We had occasion to be in Marion, IN last weekend.  As we were driving through town, we saw a National Cemetery (Google map here).

There are about eight thousand veterans buried there.

That’s a lot. One section had this many rows

by this many columns

From every branch of the service, from every war.

Memorial Day is still a couple months away, but it’s never wrong to honor those who have given of their best for the country.

And their families. It looks as if some wives are buried with their husbands. Each stone marker has on its reverse an identifying number: section of the cemetery and the sequential number within that section

And occasionally the wife’s information

Lots of these veterans were older when they died, but not all.

Specialist Robert Christopher-Dale Walden had served in Afghanistan and the Indiana National Guard when he was struck by a vehicle while walking on a road just outside Fort Hood, Texas.

Each and every one of these people had a life and touched people. They may have done it in different ways, and they surely did it at different times. The monuments reflect a change in the style of stone.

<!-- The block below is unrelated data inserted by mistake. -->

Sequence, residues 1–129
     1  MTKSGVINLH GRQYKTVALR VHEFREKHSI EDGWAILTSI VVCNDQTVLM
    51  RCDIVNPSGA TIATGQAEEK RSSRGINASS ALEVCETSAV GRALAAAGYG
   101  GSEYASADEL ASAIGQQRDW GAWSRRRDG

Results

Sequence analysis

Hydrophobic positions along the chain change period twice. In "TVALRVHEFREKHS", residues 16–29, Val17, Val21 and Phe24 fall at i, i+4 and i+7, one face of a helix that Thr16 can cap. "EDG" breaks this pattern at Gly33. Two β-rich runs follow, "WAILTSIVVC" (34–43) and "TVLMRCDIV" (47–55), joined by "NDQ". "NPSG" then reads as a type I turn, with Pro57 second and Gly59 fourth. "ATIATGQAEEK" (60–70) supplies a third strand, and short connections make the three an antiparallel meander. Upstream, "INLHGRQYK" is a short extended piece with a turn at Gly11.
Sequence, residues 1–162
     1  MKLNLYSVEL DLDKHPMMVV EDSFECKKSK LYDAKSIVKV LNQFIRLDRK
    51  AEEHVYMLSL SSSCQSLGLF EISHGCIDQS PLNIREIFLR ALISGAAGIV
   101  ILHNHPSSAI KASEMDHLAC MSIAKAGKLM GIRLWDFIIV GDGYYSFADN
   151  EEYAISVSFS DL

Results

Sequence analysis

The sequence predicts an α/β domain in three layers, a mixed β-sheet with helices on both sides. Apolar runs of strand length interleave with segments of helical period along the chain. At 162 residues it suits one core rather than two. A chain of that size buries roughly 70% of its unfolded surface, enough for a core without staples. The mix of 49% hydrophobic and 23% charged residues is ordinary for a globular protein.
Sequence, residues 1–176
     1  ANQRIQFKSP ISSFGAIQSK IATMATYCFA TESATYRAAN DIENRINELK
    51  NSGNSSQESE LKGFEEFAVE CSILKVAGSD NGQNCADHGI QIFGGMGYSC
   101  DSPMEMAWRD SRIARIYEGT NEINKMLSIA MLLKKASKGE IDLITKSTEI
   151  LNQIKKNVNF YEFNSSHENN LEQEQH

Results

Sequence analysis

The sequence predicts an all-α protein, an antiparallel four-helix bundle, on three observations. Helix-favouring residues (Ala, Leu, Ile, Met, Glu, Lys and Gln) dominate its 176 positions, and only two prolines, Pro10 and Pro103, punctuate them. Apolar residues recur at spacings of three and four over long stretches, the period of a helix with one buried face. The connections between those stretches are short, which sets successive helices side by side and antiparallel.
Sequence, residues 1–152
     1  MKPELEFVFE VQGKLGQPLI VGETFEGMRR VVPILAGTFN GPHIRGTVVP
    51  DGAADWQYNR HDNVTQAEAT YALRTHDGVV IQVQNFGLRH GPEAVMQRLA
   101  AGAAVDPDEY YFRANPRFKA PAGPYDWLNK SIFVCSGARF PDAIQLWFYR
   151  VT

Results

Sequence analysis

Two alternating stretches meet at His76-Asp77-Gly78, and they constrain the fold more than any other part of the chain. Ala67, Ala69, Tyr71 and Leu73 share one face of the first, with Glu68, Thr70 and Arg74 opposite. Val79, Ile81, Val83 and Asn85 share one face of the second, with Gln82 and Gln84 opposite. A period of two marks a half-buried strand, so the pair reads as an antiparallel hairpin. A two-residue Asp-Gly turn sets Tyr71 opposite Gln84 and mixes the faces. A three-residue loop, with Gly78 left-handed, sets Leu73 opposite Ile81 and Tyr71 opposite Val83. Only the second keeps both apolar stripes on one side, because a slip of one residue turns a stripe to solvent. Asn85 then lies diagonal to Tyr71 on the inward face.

I can’t call them all fighting men: there are women veterans buried here.

Most modern markers have crosses on them, although the form changes some.

And some have the cross conspicuously absent.

Some of the information reminds us of almost-forgotten conflicts

There were veterans from many states, not just Indiana.

And a few countries

And some with only the fact of name and dates, and the inference that they were veterans because of being in this cemetery

There were little moments of humor in the whole experience

But it was a very sobering and somber hour that we spent among the dead.

Thank you, veterans, dead and alive.

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